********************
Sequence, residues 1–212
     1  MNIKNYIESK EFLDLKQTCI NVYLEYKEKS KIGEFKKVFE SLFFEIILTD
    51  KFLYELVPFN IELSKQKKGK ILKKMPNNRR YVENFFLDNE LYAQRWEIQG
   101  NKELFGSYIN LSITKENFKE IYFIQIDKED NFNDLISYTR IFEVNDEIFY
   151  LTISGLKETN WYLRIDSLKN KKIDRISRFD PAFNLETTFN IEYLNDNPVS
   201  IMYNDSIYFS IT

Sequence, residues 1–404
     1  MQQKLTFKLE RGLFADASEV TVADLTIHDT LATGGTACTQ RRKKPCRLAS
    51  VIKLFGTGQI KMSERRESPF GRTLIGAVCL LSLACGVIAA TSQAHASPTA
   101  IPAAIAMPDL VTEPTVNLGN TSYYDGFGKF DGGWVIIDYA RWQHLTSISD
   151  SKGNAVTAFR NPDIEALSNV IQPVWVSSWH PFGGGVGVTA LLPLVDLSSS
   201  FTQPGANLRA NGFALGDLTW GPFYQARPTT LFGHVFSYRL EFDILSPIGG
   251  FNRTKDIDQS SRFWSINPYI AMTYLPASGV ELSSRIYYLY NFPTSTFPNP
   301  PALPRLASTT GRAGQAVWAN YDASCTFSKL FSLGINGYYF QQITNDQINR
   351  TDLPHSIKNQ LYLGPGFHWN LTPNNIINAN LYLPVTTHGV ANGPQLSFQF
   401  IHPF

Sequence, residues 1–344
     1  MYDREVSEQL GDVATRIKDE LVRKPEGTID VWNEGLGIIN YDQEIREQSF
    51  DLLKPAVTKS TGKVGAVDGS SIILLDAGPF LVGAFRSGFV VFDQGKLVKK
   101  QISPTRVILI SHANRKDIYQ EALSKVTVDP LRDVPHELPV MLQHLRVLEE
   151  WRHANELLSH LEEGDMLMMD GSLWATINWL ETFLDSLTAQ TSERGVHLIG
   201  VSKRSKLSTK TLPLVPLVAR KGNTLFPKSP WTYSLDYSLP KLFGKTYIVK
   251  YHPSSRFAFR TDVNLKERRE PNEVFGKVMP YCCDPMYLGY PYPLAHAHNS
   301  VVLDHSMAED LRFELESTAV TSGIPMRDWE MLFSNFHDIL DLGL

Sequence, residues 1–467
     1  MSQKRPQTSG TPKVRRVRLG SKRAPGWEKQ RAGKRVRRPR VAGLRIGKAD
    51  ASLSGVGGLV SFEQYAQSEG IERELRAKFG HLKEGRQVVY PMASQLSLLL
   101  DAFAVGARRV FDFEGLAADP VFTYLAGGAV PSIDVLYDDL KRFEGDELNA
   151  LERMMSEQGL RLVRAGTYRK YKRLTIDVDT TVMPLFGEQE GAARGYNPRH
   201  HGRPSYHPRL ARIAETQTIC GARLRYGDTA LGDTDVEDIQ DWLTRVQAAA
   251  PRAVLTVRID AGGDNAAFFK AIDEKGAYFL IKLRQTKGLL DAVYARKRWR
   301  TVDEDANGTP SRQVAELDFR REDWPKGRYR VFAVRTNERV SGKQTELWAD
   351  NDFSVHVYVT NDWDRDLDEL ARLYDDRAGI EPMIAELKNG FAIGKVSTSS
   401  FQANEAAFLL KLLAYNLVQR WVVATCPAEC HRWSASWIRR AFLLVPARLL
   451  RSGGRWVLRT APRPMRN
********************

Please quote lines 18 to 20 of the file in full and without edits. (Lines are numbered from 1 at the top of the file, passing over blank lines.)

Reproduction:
     1  MYDREVSEQL GDVATRIKDE LVRKPEGTID VWNEGLGIIN YDQEIREQSF
    51  DLLKPAVTKS TGKVGAVDGS SIILLDAGPF LVGAFRSGFV VFDQGKLVKK
   101  QISPTRVILI SHANRKDIYQ EALSKVTVDP LRDVPHELPV MLQHLRVLEE